Wednesday, 22 February 2017

Cypher System - first impressions

New Beginnings - d101 Games
So here's a useful way to learn a new rules system. First, sit in on a game as a player, then generate some player characters, and finally convert an existing adventure. This is exactly what I've been doing, using the core rules of Monte Cook's Cypher System, which are now available in a generic format. Wise connoissuers of Mister Cook's output will be aware that this system underpins his Numenera and The Strange offerings.

Last year I took the opportunity to sit in on a game of Numenera, as part of the BURPS RPG get-together at Brighton's Dice Saloon in September. I went away with a favourable impression. Since returning from India last month, I've been teaching myself the generic version of the rules system. I am using a copy of Gloranthan Adventures - New Beginnings, from d101 Games, which I've had for a while, but have never used. This series of adventures set in Dragon Pass is written for HeroQuest, but up until now I've had problems getting my head around the system.

Using New Beginnings as a template, I have generated five pre-gens for Cypher, based on the characters in the back of the d101 Games supplement. It has proved remarkably simple to do this, and each character really only took about 20 - 30 minutes to make. Even though the characters are Tier 1 (out of six), they are still relatively potent. Although there are four 'classes' in generic Cypher (as opposed to three in Numenera), they are so highly customisable with the other aspects of their backgrounds, that each appears a unique personality in their own right.

Each character is composed of three elements, a class, a description, and what they do. So, for example, the character of Oldra Rainwarrior, an initiate of Helamakt and a shepherd who has had his steading destroyed by Lunars, has been created as a Sharp-Eyed Adept Who Speaks For The Land. This aptly describes what he is, an adept, what he does, he is sharp-eyed (a good skill for a shepherd), and what he does (speaks for the land). His devotion to the warrior aspect of the Heortling rain god Heler is covered by a mix of his adept class and his speaks for the land.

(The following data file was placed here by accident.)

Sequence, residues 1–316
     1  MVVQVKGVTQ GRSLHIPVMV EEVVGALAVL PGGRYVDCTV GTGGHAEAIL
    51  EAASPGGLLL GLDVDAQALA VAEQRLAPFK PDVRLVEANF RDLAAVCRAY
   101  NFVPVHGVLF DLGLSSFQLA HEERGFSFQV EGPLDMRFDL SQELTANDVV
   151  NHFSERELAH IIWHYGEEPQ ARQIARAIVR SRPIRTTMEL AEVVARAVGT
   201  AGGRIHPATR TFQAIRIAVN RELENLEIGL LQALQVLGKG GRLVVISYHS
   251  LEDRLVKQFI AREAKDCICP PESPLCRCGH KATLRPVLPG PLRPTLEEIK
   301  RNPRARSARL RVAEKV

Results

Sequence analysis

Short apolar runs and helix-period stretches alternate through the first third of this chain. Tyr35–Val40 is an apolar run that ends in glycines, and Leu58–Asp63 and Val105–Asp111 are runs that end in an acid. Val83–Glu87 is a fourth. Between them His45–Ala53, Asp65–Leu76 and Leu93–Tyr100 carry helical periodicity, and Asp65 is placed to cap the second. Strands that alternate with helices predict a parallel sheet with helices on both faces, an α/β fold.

The core classes bring most of the practical skills including the critical attribute pools, while the other features add further flesh with skill specialisations and personality traits. What I like about Cypher is that it brings character into the mechanics. Characters are not simply a combat matrix. There are rules that enforce behaviour. There is also an opportunity to tie characters to other characters via relationships.

So, taking Oldra as an example again, part of his background is that he has lost his sheep. In the confusion of the Lunar raid, he suspects the sibling of one of the other characters took the opportunity to steal them. The player gets to choose which character it is, and the players between them are left to work out the rest. It is a great little sub-plot, it is introduced right at the beginning, in the character generation phase, and adds context to the relations between the characters.

Ease of conversion and customization

Overall, the Gloranthan characters have been easy to convert to Cypher. I have also added XP rewards within their backgrounds to reflect their devotion to their gods, and also to reinforce some personality traits. If I travel further down this road, it might be worth looking at attaching XP to successful emulation of the core values of a deity, and possibly also to the successful completion of Heroquests.

I have converted two adventures into Cypher from New Beginnings. They are traditional sword and sorcery adventures, but also good as introductions to Glorantha. I've held off converting a third, largely because it is a little different from the first two, involving more politics, social interaction, and scope for mass combat. Currently I remain unsure how successful Cypher would be with a densely political scenario. That's not to say it can't manage intrigue, just that I've not attempted it yet.

I will just finish this post by saying that there are probably some settings / situations that Cypher will not work for. Because of its reliance on the discovery and use of cyphers, which play an important role in the game, some genres, like investigation, probably won't work so well. Cypher came out of Numenera, the central plot of which is the discovery of, and interaction with lost technology. It is difficult to see how the game would work in an environment where there was not scope for the cyphers to be there to be discovered and implemented by the characters. Doing this seamlessly is one of the key elements of converting existing adventures or settings to the system.

Thus far Gloranthan encounters have been relatively easy to manufacture using the template encounters in the Cypher book. There is no big Cypher bestiary to my knowledge, and some of the encounters in New Beginnings are fairly unique, even for Glorantha. But I think I've captured them adequately. The flexibility of Cypher is such that it takes less time to port them over than it would do converting these same NPCs into RuneQuest, which would be a much more complex task.

Stay tuned for more on this project as it progresses.